And some land out of state. Leased out several thousand Holstein milk cows to farmers across the south at $1 per day. I know his wife and foreman well. Upon death worth roughly $150,000,000. Left I recollect $30 million to charity. I was there the day the wife found out and she was crying upset where they’d get that kind of money.  His two kids got $1 million cash upon his death but also got operation and rights to assets via his multitude of companies and trusts.
They all drove 10 year old vehicles lived in modest homes and looked like typical dairy farmers. That was roughly 15 years ago when he died.

Land is worth double or more now. I know he bought 4-500 acres on Lake Oconee just before he died . Lake front 3/4 -1 acre lots in developed golf communities go as high as $1 million.

Edited by Dirty Dan Dawkins
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As to making a movie, and not needing the money, that might be a nice break from routine and get to have fun with peers.

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For some folks you do what you do because you love it.  Making more money sometimes empowers you

to make decisions different from what you'd do if you didn't have money.  Sometimes it allows you to do even more,

such as going from acting to directing.  Or supporting organizations that you believe in, even if their outside your skill set.

 

For some it becomes a matter of keeping score.  A lot of business men in high power high paying roles don't

care how much they have, but rather how they can one-up their peers - it's keeping score.  You can only have so

many mansions, yachts, fancy cars and spendy bottles of hootch, then it's just comparing who has the bigger stash.

Your measure of merit isn't what you do for the company anymore, but rather what people will pay you to do that.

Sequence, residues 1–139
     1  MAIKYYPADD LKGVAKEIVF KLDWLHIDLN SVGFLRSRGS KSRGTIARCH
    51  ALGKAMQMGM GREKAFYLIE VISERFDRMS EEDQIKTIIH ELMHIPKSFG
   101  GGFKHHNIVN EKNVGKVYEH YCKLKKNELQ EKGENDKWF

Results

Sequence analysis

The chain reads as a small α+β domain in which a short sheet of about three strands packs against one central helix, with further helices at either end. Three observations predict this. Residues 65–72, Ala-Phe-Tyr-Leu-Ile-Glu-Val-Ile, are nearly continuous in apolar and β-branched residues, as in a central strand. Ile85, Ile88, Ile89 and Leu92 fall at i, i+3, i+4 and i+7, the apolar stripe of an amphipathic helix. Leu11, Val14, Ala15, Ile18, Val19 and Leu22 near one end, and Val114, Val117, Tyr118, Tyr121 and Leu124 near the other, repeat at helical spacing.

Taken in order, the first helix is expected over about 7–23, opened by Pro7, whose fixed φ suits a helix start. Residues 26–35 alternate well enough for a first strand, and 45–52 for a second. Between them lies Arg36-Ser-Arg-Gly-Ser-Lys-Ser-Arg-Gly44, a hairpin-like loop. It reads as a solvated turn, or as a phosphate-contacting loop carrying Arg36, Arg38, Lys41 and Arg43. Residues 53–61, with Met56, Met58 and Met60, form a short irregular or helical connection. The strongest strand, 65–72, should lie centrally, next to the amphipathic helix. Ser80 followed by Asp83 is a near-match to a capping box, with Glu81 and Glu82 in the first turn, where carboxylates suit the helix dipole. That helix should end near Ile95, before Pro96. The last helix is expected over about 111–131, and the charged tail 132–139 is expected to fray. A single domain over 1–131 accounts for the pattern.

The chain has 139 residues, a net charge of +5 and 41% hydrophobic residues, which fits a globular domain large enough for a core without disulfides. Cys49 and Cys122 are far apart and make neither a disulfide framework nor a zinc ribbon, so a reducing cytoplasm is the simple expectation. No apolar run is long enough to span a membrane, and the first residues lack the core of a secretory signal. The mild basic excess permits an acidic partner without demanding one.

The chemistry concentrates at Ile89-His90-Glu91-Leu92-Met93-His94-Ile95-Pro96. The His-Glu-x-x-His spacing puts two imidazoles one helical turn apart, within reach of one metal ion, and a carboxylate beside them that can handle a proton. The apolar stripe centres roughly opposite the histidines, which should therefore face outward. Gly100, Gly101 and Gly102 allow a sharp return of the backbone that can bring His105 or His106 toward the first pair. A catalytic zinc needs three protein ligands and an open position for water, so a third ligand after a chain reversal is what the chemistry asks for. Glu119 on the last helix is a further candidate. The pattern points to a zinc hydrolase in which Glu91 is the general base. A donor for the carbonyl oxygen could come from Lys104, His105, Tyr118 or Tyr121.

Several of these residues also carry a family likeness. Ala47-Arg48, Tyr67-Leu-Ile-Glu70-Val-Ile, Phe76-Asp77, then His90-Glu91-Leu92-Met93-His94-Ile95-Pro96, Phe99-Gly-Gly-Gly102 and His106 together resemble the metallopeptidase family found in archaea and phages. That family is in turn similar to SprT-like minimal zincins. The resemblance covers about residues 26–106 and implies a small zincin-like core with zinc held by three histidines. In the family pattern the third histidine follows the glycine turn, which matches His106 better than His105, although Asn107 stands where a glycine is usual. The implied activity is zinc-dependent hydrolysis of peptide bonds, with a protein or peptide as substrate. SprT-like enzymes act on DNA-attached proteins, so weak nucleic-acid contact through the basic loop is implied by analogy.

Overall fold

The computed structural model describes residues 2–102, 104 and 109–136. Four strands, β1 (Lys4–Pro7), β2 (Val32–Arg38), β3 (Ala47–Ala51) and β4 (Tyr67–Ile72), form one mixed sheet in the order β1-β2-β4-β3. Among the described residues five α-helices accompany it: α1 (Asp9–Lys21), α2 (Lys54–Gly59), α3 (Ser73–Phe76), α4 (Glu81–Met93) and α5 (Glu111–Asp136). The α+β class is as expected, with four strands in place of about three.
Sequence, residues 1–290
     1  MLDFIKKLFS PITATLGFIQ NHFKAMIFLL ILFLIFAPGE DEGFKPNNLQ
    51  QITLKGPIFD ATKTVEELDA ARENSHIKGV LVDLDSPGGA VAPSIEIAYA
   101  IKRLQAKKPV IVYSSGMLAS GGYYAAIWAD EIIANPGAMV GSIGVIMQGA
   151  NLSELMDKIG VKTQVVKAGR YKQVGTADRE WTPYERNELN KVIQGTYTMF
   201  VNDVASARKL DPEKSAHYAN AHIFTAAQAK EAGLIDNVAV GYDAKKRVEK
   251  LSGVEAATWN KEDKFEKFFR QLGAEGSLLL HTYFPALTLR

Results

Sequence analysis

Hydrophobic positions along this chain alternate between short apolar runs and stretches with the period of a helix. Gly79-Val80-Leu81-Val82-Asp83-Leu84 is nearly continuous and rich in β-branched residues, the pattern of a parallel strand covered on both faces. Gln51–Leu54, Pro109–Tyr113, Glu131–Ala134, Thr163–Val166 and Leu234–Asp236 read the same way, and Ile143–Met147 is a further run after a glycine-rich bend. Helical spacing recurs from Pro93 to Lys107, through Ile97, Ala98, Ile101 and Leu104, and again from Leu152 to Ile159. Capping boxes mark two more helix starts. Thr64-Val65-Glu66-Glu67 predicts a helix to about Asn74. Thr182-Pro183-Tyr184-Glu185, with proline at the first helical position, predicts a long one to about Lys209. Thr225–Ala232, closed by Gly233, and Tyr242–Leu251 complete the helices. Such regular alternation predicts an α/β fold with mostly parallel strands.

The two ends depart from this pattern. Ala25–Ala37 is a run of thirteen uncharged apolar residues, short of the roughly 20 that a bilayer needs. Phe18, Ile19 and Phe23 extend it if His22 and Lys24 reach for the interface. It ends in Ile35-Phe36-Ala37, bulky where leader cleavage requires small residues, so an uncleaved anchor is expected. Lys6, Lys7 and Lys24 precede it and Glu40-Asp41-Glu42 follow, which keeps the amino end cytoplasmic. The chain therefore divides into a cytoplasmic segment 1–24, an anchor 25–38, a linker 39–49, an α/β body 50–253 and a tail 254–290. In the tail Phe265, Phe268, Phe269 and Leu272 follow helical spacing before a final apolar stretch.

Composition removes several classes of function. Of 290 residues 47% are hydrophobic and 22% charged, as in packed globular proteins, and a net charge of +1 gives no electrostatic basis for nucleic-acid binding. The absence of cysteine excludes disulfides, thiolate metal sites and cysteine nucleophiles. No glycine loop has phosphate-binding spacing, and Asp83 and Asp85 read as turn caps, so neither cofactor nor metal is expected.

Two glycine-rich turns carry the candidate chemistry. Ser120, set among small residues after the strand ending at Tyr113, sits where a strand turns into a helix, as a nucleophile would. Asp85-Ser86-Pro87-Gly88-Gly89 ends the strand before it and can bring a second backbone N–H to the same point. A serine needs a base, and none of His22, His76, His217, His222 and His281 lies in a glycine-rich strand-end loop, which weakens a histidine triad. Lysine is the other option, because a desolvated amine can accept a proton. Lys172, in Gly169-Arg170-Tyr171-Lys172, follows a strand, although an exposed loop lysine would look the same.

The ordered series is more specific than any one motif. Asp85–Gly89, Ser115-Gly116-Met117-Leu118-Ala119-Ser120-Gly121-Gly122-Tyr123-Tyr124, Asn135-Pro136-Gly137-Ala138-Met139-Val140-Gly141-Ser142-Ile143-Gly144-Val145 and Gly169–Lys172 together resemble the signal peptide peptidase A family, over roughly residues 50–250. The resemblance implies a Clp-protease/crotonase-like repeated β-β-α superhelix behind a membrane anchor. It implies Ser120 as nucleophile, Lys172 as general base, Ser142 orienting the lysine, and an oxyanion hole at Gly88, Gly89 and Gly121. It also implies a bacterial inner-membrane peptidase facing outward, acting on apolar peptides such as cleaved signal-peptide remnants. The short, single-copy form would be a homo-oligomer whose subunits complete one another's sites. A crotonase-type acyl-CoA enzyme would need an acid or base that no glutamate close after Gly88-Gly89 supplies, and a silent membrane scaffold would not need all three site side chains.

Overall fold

SC

 

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If you have that much money, it's not the money anymore...it's the thrill of not getting caught and the self deluded illusion of power.

 

There's a guy around here that matches the description in the op. Owns several tourist trap eateries, a couple of small motels and some other investments...almost all of them involve land, real expensive land these days. The longtime  locals know the rumors, I guess there just are some lucky guys that go from operating a old tub of a fishing boat to having a fleet of fishing boats real quickly. Must be a Forrest Gump kind of luck.;)

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I knew a guy in Arizona many years ago and he flew drugs and money across the border in southern Arizona. Him and his wife weren’t afraid to flaunt their wealth and most everyone knew what he was involved in. He told a friend of mine that he was getting out of it because it was becoming more and more risky with the Feds new “Just say no” campaign. Well not long after him and his wife were both found dead and to my knowledge their murders have never been solved. So like Pat Riot says don’t start doing it in the first place.

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Knew a couple of guys back in the mid 70s that made a couple of drug runs and then just quit.  Made over a years pay for a couple hours work.  At least one took all of the money he made and invested it.  I think it made his life easier since he didn't have to save as much from each paycheck.  Big risk, but I guess if you get away with it the pay is good.